Do You Suffer From Chronic Inflammation? Here's How To Tell—And What You Can Do About It
When your body is functioning optimally, it provides you with what is effectively your own standing army. White blood cells and other natural defenses leap into action to stave off any invader—such as an infection or irritant—creating what's known as acute inflammation. But when these defenders refuse to stand down after the problem is gone, or when they launch an offensive against something that's not a threat, that's a problem. That's called chronic inflammation, a long-term, low-grade condition that persists in your cells and tissues and plays a key role in many health problems. In fact, inflammation is involved in 8 of the 10 leading causes of death in the United States—heart disease, cancer, chronic lower-respiratory diseases, stroke, Alzheimer's disease, diabetes, pneumonia/influenza, and kidney disease.
What's particularly insidious about chronic inflammation is that it can mushroom into problems that feed on themselves. Poor sleep habits are strongly associated with depression and anxiety, which in turn trigger an inflammatory response all on their own. Too much saturated and trans fat and sugar leads to excess weight, which in turn generates its own inflammation, which can trigger more weight gain. In these sorts of vicious cycles, chronic inflammation is both the cause and the effect of many illnesses. Astonishingly, it's likely that more than half of Americans live with chronic inflammation and don't even know it. (If you have inflammation, you should stay away from these 5 surprising foods.)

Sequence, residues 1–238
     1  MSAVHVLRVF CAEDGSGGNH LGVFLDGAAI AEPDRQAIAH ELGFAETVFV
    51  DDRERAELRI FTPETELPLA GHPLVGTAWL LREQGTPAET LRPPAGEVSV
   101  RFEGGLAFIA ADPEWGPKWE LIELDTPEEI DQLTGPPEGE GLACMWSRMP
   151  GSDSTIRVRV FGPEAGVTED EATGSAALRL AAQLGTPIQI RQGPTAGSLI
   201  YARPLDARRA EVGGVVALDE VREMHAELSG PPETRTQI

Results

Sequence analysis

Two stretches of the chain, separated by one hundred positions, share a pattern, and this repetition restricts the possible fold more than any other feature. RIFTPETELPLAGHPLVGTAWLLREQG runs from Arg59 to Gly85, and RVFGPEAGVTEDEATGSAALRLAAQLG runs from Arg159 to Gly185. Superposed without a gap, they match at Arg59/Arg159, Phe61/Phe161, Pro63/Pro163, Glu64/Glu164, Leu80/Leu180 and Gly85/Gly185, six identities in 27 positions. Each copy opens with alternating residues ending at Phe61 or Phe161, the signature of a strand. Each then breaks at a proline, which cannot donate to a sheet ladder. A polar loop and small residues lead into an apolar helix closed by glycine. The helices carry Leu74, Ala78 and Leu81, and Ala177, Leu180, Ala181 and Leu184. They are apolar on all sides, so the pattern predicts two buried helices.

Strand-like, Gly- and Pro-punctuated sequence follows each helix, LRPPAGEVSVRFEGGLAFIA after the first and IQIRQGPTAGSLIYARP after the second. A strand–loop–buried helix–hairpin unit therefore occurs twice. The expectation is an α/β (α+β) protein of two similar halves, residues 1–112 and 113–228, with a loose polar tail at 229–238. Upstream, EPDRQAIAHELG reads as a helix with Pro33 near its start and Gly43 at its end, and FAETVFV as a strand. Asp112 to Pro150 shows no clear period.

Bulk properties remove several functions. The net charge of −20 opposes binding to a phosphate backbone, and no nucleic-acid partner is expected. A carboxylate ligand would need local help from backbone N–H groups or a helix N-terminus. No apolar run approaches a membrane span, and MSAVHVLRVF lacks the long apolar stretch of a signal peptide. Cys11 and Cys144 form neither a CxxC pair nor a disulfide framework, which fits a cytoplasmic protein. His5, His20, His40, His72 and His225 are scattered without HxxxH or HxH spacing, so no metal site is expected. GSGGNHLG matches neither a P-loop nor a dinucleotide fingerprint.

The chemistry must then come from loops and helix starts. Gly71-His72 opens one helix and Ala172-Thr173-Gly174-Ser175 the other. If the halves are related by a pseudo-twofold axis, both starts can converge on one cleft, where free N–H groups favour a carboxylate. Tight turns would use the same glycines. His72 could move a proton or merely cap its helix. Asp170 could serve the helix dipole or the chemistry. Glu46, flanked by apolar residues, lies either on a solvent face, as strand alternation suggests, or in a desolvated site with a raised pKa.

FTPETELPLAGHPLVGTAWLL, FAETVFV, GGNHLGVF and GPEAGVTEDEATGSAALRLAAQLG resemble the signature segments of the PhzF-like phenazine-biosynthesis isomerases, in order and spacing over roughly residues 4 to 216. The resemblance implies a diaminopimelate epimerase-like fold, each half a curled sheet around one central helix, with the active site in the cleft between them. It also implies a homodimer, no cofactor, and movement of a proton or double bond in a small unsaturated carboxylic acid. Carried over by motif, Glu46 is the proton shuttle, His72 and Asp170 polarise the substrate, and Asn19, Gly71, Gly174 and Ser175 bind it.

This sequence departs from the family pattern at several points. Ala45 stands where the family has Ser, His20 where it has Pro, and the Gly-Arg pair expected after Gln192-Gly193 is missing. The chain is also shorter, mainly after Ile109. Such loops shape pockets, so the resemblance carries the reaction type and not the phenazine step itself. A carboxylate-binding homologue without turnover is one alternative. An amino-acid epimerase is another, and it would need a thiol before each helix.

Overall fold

If we can stop inflammation at its root by avoiding its primary causes, we can steer clear of many of the diseases it can help spawn and reap the benefits of years of robust health. That's the message of a new book, . In this adaptation, chiropractor Corey W. Kirshner and thePreventioneditors explain how to detect chronic inflammation and offer strategies for tamping it down.
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IDENTIFY THE SYMPTOMS
Your body is always talking to you, trying to let you know when things aren't right. Heed these warning signs. They may well indicate chronic inflammation, and getting ahead of it can help you prevent many major illnesses and maintain optimal wellness.
Though a variety of factors can cause diarrhea, constipation, nausea, excessive gas, and abdominal pain, these gastrointestinal symptoms are also classic signs of chronic inflammation—especially if they arrive out of nowhere.
Intermittent joint pain.
If you're starting to experience joint pain, especially when you get up in the morning, and it wasn't caused by an injury, it could be a sign of inflammation.